AutoCAD's 2D roots run deep. Drafting continues to be the primary focus of the program, but recent AutoCAD releases have shifted focus, and the program has become more and more adept at 3D modeling. This section invites you to take what you probably have an abundance of right now (2D objects) and create new 3D objects from them.
You can create 3D objects from 2D objects by using a number of different techniques. You can add thickness or extrude an open 2D object to create a surface, or take multiple 2D cross sections and create a lofted object that adapts to the shape and size of each cross section selected. Everything mentioned here applies to AutoCAD only (not AutoCAD LT), with the exception of the thickness property.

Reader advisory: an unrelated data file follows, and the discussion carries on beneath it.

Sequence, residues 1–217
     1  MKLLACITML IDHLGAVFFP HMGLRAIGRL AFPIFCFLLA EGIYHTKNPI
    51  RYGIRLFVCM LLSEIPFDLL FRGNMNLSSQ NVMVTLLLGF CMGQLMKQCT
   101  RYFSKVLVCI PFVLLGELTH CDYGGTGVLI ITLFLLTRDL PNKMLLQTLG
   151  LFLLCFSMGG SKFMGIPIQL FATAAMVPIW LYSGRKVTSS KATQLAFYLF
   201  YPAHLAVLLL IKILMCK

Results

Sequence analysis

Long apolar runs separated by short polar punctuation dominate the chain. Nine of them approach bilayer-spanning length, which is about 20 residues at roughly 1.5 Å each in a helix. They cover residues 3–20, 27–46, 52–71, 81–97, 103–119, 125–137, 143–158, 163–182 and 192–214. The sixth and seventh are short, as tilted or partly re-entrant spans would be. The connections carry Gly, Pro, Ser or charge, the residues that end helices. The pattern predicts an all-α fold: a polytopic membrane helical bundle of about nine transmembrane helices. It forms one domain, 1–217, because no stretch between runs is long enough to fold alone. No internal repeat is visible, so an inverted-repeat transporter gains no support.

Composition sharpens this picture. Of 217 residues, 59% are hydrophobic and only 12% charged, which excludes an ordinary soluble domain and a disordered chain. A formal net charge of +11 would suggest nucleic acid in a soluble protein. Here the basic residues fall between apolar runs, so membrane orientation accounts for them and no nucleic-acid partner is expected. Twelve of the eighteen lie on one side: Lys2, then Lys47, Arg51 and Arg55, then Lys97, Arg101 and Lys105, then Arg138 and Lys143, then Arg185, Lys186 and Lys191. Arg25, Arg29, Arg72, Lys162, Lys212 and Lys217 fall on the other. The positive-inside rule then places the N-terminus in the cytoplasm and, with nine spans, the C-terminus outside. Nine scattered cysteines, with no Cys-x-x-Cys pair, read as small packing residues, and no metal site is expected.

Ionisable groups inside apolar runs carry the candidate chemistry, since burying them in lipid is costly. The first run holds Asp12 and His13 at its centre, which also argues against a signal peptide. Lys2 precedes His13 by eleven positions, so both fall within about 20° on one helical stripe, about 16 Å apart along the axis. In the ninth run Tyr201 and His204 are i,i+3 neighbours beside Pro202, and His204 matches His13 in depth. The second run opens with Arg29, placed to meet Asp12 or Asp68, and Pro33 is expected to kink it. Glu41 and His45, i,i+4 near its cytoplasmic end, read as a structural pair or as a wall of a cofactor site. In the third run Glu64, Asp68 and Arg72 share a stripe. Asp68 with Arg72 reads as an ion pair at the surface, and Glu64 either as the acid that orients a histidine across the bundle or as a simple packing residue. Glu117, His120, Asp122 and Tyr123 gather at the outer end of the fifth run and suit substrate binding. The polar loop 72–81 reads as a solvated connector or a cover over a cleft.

Most 2D objects, such as lines and circles, have a thickness property. Changing a 2D object's thickness property does not create a true 3D object, but it does create a pseudo-surface that looks like a 3D surface. These pseudo-surfaces can hide objects beyond them, but they do have limitations. If you add thickness to a circle, an open cylinder is created without caps on the top and bottom. You can also change the thickness of a polyline to create an open box that has no top or bottom.
Thickness is one way of adding height to an ...